SAN DIEGO - A two-month-old elephant was euthanized at the San Diego Zoo's Wild Animal Park Monday, after struggling since its birth Nov. 28. The calf has lesions with the same antibiotic-resistant staph infection reported in three park employees.
Park officials said they don't know which species got the bacteria first, but all three infected employees had contact with the sick elephant.
The baby elephant was underweight because it wasn't getting enough milk from its mother, Lungile, who had complications from the birth. Zoo officials had the little pachyderm and its mom under 24-hour care.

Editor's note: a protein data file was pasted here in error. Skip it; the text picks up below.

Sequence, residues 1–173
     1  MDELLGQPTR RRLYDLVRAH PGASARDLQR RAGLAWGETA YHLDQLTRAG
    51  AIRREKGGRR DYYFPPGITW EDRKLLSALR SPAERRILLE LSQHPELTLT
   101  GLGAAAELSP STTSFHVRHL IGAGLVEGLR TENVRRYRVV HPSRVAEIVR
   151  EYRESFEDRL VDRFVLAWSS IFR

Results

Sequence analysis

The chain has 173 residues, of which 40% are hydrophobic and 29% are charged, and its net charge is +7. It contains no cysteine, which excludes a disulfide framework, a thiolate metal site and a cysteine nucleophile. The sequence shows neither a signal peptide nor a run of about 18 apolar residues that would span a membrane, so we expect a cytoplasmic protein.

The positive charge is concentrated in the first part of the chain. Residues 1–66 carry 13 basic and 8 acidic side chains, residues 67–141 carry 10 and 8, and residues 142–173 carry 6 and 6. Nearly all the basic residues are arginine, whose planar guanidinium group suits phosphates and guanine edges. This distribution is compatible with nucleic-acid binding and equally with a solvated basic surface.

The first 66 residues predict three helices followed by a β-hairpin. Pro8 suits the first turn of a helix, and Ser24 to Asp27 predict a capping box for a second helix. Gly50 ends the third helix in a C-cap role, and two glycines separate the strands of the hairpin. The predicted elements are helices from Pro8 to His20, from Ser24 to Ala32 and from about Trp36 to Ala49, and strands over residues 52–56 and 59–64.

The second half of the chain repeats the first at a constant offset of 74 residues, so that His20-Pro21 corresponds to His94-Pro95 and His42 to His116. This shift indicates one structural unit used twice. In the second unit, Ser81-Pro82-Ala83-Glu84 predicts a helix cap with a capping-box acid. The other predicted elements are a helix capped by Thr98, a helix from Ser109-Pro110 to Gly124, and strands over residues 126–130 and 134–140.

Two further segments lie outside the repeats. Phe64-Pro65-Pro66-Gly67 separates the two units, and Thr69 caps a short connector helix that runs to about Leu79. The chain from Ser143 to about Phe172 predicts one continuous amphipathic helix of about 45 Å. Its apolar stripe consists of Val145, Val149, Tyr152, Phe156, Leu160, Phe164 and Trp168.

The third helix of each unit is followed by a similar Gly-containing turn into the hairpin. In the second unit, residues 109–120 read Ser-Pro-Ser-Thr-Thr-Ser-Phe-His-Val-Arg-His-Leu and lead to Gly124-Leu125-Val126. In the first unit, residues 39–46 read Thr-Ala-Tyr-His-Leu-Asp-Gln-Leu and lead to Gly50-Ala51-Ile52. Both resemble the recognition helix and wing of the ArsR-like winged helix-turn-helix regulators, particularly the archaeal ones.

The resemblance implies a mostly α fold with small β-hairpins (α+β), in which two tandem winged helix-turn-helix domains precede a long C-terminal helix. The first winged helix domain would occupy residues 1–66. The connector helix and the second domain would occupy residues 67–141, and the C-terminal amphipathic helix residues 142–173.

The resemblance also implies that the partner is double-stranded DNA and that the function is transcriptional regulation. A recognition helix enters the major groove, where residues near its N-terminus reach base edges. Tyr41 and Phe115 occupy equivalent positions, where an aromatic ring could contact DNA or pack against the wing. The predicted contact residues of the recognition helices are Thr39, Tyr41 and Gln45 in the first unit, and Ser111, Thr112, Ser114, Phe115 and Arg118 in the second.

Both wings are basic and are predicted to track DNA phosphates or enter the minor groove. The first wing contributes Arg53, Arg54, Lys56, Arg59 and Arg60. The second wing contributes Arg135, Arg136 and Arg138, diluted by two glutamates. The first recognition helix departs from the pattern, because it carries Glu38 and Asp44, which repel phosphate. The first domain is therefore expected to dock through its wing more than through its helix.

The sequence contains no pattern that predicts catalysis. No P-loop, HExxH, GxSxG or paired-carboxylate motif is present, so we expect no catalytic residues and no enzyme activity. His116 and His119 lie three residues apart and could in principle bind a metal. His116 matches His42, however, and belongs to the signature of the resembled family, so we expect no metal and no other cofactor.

Still, "the calf did not transition well from mother's milk to formula and developed secondary complications from malnourishment," according to a statement zoo officials sent to employees Monday.
Three employees have been diagnosed with the staph infection, which is resistant to certain antibiotics, San Diego County officials said Monday night.
Officials are waiting for the results of tests on three other employees who also may have been infected in an area that is off-limits to the public at the park, said officials from the county Health and Human Services Agency.
Staph bacteria can lead to skin infections that resemble a pimple or boil and can be red, swollen, painful or have pus. More serious infections may cause pneumonia or bloodstream infections. Most staph infections are treatable with antibiotics.
Steps have been taken to contain the outbreak, which is not expected to affect the park's operations, officials said.
Jose Luis Jimenez contributed to this report.